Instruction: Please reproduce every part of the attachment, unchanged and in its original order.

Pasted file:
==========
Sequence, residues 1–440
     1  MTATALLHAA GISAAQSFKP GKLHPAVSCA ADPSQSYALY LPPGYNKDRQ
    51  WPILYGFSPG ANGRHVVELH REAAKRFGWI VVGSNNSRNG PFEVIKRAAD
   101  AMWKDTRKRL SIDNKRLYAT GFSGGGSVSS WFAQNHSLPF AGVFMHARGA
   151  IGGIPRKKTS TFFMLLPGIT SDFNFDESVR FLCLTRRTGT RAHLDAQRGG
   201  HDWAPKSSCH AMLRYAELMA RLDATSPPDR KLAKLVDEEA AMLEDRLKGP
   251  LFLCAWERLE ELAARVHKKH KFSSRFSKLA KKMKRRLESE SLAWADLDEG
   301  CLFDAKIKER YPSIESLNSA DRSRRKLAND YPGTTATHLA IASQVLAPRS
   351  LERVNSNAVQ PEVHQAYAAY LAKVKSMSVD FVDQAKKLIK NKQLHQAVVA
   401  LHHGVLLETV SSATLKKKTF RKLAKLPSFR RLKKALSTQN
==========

Sequence, residues 1–440
     1  MTATALLHAA GISAAQSFKP GKLHPAVSCA ADPSQSYALY LPPGYNKDRQ
    51  WPILYGFSPG ANGRHVVELH REAAKRFGWI VVGSNNSRNG PFEVIKRAAD
   101  AMWKDTRKRL SIDNKRLYAT GFSGGGSVSS WFAQNHSLPF AGVFMHARGA
   151  IGGIPRKKTS TFFMLLPGIT SDFNFDESVR FLCLTRRTGT RAHLDAQRGG
   201  HDWAPKSSCH AMLRYAELMA RLDATSPPDR KLAKLVDEEA AMLEDRLKGP
   251  LFLCAWERLE ELAARVHKKH KFSSRFSKLA KKMKRRLESE SLAWADLDEG
   301  CLFDAKIKER YPSIESLNSA DRSRRKLAND YPGTTATHLA IASQVLAPRS
   351  LERVNSNAVQ PEVHQAYAAY LAKVKSMSVD FVDQAKKLIK NKQLHQAVVA
   401  LHHGVLLETV SSATLKKKTF RKLAKLPSFR RLKKALSTQN